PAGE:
To be greeted by virtual beings in Perversely Interactive System, Lynn Hughes and Simon Laroche's work, we must take a different course from the wildly colliding women in Embracement; we must relax.† In this work a virtual other and a human viewer are in a reciprocal feedback approach avoidance relationship. The participants state of relaxation is measured by galvanic skin sensors in a small handheld device and this controls the interaction with the virtual other who is projected on a translucent screen.† As in a seance, the virtual spirit only approaches when† the participant is receptive and relaxed. As the participant gradually learns to control the degree of relaxation, the translucent virtual woman, who looks pleasantly ordinary and mysteriously never speaks, comes closer and looks about as if trying to make out who has summoned her from the other side.† The participant's experience is the eerie pleasure of interacting on an intimate level with one who can sense one's inner state of mind and respond to it,† mixed with the frustration related to the discontinuity of the two worlds which (for the time being) cannot quite meet.† Bodymaps: artifacts of touch, Thecla Schiphorst's work, also evokes the atmosphere of a seance.† In a darkened room, we communicate with virtual sleeping and ghostly water spirits who are present as projections on a white velvet surface. As our hands move across the velvet, as if on a large soft Ouija board,† the virtual beings seem to respond to our touch by turning and jostling and almost, but never quite, rousing. Likewise when we look in the mirror in Jean Dubois' work, Tact, we do not see ourselves neatly reflected as Narcissus did,† but we hear a buzzing and see a flickering light suggesting a being moving so quickly that its image is blurred. When the glass is touched, the movement is stopped and a face materialises. The virtual other (or is it somehow self?) is pressed up against the glass from the other side and is compelled to move with our finger, giving the sense of being trapped and controlled. Another work which similarly suggests a virtual alter ego, inextricably locked to the viewer in some way is Casado's looped work, Inside v.04. Depicting two ambiguously gendered interpenetrating virtual heads in a sensual undulating embrace, it induces in the viewer an intense feeling of being psychologically and physically entrained as the gazing viewer, in a way that the viewer experiences as inevitable, inescapable and continuous, not only with the figure but with the work itself, a machine. The two heads which interpenetrate are like twins, the ego and the alter ego, the body and the soul partially united and continuous, but poised to after the exchange, reorganise and separate, like one cell becoming two, caught in the midst of a mitotic division.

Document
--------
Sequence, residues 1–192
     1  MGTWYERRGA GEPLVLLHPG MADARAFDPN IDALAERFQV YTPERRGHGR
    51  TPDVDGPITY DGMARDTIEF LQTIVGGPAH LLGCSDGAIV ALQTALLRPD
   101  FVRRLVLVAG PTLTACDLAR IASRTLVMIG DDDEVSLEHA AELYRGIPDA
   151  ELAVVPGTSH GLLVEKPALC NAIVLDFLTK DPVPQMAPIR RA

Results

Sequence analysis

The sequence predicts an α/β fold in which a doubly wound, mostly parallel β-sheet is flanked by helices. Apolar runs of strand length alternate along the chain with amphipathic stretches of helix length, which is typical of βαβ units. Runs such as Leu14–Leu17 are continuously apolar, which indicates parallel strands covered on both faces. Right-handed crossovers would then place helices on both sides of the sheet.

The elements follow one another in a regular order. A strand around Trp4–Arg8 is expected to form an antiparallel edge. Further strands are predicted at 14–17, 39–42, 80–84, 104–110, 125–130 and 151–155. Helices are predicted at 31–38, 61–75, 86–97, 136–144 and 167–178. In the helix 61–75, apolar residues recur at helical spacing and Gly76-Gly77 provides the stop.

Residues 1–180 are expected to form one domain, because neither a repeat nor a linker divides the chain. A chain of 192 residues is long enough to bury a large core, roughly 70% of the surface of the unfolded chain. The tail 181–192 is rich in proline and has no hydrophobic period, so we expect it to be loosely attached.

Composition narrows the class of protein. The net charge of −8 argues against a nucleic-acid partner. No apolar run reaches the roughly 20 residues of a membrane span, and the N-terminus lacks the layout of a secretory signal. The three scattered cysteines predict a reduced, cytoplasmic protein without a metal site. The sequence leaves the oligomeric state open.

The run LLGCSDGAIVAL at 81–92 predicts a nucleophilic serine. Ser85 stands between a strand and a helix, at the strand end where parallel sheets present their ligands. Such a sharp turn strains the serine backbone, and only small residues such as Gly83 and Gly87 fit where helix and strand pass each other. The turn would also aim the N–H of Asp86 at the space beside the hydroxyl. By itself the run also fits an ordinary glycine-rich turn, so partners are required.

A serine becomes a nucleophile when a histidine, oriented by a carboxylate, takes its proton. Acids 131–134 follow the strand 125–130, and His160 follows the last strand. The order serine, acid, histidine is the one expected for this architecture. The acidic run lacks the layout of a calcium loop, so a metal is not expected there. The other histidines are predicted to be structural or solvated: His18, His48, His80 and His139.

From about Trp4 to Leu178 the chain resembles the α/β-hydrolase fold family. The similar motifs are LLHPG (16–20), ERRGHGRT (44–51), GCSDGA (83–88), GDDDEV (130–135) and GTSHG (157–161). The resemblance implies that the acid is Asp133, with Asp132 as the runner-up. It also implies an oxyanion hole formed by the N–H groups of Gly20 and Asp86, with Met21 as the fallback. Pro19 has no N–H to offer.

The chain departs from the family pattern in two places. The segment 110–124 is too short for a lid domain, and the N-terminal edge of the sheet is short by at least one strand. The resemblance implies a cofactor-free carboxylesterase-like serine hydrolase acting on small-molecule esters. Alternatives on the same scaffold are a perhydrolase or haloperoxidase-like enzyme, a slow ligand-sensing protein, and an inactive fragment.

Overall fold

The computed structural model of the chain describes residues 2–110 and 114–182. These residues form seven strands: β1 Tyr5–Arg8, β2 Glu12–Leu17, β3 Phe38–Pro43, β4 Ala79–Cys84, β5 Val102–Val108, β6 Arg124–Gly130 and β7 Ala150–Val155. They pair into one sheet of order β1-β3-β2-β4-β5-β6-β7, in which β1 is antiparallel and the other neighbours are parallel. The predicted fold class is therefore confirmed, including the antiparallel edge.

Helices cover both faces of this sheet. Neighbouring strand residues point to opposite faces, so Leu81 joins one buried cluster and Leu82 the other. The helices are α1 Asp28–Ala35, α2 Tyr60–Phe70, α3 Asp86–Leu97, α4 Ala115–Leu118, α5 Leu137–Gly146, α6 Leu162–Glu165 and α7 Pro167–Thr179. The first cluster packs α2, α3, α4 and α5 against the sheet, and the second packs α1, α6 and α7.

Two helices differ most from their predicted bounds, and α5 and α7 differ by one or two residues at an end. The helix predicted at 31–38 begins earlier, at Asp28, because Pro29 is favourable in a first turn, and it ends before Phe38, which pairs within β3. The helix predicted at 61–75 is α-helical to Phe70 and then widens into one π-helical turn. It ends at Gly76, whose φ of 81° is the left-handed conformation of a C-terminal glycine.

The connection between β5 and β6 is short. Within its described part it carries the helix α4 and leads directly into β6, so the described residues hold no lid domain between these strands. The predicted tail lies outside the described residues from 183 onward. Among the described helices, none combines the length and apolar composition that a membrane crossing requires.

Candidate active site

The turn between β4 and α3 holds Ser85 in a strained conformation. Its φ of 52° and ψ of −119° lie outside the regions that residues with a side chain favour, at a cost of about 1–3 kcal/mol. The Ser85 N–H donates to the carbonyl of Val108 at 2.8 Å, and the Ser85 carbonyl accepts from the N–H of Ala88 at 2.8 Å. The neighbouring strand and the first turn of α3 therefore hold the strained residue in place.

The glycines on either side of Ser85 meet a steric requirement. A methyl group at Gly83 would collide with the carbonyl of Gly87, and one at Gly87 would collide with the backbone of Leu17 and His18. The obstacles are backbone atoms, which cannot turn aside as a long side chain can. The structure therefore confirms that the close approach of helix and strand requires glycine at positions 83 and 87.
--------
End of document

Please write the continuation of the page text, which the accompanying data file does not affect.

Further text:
Artists also act as another kind of translator of worlds, the parent, who not only interprets and makes sense of the outside world for the child, but empathically understands and interprets the childs inner world, and thus facilitates the building of needed internal psychic structures.
In the specific case of the traumatic loss of the idealised parent imago (loss of the idealized self-object or disapppointment in it) ...the results are disturbances in specific narcissistic sectors of the personality. Under optimal circumstances the child experiences gradual disappointment in the idealised object....If the child suffers the traumatic loss of the idealised object or a traumatic disappoinment, then optimal internalisation does not take place. The child does not acquire the needed internal structure, his psyche remains fixated on the archaic self-object, and tbe personality will throughout life be dependent on certain objects in what seems to be an intense form of object hunger. The intensity of the search for and the dependency on these objects is due to the fact that they are striven for as a substitute for the missing segments of the psychic structure.